Air Polluters Sail the High Seas

By Chen, Michelle | In These Times, December 2007 | Go to article overview

Air Polluters Sail the High Seas


Chen, Michelle, In These Times


A THREAT TO THE world's atmosphere is sailing the high seas, but activists say government regulators are letting the culprit off the hook.

The global shipping industry coughs up millions of tons of air pollution each year, yet its emissions are for the most part unregulated, aside from minimal international standards. Now, environmental groups are turning the country's seaports into a fresh batdeground in the climate-change debate, demanding that the Environmental Protection Agency (EPA) rein in marine engines under the Clean Air Act.

The environmental law firm EarthJustice, Friends of the Earth and other advocacy groups are taking action to compel me EPA to set comprehensive restrictions on die air pollution that clouds U.S. harbors. In a recently filed lawsuit and administrative petition, environmentalists argue the Clean Air Act mandates the government to confront health-damaging soot as well as greenhouse gases emitted by shipping vessels.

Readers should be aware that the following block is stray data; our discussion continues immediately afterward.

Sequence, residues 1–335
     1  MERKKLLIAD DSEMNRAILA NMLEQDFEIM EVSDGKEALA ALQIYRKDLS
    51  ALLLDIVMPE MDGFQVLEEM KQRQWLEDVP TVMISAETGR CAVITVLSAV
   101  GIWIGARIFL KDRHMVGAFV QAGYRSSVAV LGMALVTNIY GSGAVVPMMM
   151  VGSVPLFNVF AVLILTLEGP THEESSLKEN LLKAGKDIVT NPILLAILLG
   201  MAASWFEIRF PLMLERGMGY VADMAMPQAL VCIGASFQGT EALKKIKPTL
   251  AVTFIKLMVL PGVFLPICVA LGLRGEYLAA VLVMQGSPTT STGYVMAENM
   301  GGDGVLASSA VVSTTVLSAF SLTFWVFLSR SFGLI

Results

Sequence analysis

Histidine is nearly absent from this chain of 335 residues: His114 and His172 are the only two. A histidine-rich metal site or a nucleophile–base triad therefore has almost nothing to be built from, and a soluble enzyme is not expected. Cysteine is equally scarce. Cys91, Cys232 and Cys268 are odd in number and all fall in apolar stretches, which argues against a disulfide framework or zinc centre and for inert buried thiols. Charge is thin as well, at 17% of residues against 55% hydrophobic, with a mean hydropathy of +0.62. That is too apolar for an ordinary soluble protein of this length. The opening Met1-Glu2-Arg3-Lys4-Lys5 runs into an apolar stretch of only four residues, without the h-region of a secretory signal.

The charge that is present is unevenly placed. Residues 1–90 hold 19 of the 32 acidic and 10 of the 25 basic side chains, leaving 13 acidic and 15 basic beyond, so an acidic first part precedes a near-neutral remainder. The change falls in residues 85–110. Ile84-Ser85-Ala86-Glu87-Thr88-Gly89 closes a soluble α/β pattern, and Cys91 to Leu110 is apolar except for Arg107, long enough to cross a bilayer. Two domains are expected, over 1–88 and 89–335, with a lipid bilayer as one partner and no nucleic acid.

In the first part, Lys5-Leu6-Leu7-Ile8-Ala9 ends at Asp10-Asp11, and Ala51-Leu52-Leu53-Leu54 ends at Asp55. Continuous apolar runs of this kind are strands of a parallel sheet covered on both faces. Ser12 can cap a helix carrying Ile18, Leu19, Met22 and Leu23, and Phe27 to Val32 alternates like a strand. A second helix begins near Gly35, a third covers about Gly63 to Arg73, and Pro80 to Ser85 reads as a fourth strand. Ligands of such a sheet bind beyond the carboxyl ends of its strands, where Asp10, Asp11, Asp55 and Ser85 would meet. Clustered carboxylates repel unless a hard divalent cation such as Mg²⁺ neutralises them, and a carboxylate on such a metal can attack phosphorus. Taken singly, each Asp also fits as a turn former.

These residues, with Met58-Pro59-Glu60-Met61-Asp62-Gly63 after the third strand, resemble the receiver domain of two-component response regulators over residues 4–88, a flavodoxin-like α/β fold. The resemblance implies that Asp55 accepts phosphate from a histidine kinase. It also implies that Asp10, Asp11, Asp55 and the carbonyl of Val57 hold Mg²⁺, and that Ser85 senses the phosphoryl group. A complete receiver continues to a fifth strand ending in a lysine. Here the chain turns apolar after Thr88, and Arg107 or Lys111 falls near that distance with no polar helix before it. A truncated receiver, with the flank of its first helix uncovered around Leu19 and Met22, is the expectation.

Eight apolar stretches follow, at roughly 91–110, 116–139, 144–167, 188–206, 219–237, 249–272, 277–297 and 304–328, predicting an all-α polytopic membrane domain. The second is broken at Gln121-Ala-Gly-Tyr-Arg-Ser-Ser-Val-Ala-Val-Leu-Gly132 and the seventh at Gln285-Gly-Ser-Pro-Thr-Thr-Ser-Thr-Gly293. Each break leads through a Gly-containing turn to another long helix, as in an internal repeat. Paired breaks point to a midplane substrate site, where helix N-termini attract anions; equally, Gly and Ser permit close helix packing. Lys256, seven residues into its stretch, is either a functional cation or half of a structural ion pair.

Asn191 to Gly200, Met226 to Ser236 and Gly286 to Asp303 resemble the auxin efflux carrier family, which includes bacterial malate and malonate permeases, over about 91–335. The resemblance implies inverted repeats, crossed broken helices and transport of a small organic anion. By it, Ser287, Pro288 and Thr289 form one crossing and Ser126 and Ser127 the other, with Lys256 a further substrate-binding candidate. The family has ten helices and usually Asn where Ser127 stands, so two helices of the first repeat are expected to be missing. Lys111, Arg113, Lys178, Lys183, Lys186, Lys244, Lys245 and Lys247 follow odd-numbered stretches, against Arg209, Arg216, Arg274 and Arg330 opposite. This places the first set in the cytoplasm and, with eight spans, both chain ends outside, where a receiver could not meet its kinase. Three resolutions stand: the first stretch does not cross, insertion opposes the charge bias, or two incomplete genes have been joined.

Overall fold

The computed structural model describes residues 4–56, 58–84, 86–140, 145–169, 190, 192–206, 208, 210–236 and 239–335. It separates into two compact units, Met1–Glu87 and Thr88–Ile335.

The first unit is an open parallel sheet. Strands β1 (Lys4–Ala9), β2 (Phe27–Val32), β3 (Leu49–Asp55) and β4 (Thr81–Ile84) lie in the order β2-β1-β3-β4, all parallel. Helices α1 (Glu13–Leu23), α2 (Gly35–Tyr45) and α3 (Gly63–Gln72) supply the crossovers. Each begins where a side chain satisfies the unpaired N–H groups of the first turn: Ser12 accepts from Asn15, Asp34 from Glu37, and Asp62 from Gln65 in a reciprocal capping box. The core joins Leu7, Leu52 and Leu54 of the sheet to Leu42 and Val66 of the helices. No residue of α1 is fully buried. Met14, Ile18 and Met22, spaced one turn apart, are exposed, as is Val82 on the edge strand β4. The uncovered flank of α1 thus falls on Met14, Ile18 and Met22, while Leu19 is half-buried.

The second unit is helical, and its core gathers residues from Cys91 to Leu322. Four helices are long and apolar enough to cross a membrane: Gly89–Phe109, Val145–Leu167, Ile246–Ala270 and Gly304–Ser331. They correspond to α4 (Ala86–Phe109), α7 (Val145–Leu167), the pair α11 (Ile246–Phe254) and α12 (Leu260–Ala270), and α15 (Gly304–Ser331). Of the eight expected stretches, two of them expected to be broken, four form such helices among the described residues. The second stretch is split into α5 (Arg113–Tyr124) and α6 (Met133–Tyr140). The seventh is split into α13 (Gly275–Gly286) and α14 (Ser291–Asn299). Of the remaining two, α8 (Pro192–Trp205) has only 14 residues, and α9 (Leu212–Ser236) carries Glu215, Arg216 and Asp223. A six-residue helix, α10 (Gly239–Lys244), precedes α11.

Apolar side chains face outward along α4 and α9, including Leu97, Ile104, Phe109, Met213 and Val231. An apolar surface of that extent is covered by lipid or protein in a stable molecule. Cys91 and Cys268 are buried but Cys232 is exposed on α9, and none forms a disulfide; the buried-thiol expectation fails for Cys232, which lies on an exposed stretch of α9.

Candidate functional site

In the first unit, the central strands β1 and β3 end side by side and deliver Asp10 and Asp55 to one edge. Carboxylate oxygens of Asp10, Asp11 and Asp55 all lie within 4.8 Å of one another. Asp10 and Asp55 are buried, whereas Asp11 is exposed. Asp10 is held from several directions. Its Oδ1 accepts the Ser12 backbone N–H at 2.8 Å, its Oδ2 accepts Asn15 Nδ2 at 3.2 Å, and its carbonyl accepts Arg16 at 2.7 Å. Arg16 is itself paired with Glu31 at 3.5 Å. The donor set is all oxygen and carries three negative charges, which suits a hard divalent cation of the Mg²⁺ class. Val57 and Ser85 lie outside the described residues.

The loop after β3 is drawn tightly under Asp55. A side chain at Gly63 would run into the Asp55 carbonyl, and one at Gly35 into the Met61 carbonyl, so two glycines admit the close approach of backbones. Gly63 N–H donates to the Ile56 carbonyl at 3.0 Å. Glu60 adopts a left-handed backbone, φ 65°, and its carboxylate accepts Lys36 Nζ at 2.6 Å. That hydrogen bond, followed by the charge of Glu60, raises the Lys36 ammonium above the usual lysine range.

Though cars and industrial plants are more notorious for contributing to global warming, cargo ships are also heavyweight polluters. Researchers with the German Aerospace Center and University of Delaware estimate that ocean ships dump between 600 million and 900 million metric tons of carbon dioxide into the atmosphere annually. That's comparable to the total yearly emissions of countries like Germany or Canada.

"Ships have traditionally gone below the radar, in part because they're kind of but there,'" says Jackie Savitz, pollution campaign director with the environmental organization Oceana. "We rarely drive by them on our way home from work."

But ship smokestacks loom large in the warming atmosphere. The industry's fuel consumption could soar by more than 70 percent between 2000 and 2020, according to the International Maritime Organization (IMO), a policy-making body that sets international pollution guidelines. Big ships also annually spew tens of thousands of tons of "black carbon," or heat-trapping soot, and about 27 percent of worldwide nitrogen-oxide emissions. One EPA study projected that in the United States alone, nitrogen-oxide emissions from large ships would nearly triple from 1996 to 2030.

Environmentalists say the federal response to the problem has been glacially slow. In 2003, following a legal challenge by environmental groups, the EPA set a mandatory April 2007 deadline to establish standards for large vessels under the Clean Air Act. But the agency recentiy pushed back me process until late 2009, claiming it needs more time to collaborate with the IMO in revising global emission limits. The International Council on Clean Transportation (ICCT), an advisory organization, recently reported that current international standards for nitrogen oxide and other pollutants "merely codify existing industry practices.

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